Performance horses are often treated routinely with anthelmintics on the assumption that low grade infections may reduce their athletic ability. However, these intensive anthelmintic treatment regimes may not be justified according to research conducted in Denmark.

A study, under the direction of Dr Martin K Nielson of the University of Copenhagen, correlated the racing performance of Danish Standardbred trotters with faecal worm egg counts (FWEC). All horses in the study had been treated regularly for worms, although none of them had received anthelmintics within the 12 weeks prior to sampling.

 

A large proportion of the Danish racing Standardbred population were included in the study. Samples were collected from 213 horses out of the total of 590 Standardbred trotters registered for racing.

The research team assessed the effect of strongyle egg counts on finishing position and the value of the race winnings.

They found an association between finishing position in races and FWEC, which was statistically significant. However, contrary to what might be expected, horses finishing in position 1-3 actually had higher FWEC than those finishing unplaced.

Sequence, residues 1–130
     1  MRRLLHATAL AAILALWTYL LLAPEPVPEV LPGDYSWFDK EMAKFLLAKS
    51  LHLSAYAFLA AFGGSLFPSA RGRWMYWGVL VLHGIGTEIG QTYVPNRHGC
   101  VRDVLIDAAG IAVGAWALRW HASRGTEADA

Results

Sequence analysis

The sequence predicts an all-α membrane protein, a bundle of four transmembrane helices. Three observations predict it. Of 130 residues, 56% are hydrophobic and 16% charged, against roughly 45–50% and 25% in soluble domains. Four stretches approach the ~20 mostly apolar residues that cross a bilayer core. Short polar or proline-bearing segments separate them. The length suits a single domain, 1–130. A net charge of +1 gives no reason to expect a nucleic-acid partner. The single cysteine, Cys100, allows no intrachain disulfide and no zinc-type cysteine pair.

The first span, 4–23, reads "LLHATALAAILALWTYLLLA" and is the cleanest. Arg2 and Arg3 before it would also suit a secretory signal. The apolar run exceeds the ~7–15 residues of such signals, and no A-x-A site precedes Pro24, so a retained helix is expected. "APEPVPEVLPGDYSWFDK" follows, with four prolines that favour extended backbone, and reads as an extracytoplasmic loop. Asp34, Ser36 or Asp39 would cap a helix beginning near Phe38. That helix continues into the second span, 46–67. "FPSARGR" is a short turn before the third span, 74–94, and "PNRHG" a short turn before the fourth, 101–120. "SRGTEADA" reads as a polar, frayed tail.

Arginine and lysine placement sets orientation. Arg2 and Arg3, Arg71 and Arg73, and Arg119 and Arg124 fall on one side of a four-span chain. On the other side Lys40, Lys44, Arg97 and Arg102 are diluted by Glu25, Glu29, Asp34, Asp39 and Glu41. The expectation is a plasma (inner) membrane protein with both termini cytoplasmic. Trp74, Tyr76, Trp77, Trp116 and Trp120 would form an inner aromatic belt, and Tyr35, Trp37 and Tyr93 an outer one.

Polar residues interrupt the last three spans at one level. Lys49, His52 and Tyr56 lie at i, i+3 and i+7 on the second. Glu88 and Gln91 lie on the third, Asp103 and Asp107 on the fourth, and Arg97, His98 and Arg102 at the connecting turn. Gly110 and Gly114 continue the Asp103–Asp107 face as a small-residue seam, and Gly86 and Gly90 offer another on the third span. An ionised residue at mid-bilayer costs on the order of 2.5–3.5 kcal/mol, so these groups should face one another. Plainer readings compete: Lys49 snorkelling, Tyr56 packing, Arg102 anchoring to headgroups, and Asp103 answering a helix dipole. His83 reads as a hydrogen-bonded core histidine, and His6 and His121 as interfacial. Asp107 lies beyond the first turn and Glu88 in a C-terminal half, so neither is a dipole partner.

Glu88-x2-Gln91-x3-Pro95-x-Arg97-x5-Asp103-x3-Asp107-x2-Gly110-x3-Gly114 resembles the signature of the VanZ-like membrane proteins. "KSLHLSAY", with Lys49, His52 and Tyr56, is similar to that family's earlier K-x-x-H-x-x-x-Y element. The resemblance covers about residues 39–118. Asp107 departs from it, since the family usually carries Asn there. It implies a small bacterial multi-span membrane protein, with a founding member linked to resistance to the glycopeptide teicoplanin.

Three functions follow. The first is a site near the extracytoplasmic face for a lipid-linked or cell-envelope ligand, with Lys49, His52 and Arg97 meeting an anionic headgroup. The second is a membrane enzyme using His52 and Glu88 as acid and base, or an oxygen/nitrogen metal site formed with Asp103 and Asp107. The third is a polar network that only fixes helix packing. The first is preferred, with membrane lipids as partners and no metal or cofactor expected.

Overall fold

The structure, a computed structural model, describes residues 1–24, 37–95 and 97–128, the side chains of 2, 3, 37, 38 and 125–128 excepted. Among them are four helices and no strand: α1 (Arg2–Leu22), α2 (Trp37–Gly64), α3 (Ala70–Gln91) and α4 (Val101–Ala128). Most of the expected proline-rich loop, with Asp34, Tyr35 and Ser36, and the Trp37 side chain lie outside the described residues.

The data also suggested higher winnings were achieved by horses with higher FWEC, although this association was not statistically significant.

The researchers conclude that, in this study of professionally-trained Danish Standardbred trotters, racing performance was not negatively affected by higher strongyle faecal egg counts.

They suggest that further studies are needed to explain the effect of strongyle worm burdens on performance horses and to identify suitable anthelmintic treatment regimes for the high performance athlete.

For more details see:

Strongyle egg counts in Standardbred trotters: Are they associated with race performance?
P Fog, H Vigre, MK Nielsen.
Equine Vet J (2011) 43, (Suppl 39) 89 - 92

 

(Source: equinescienceupdate.com)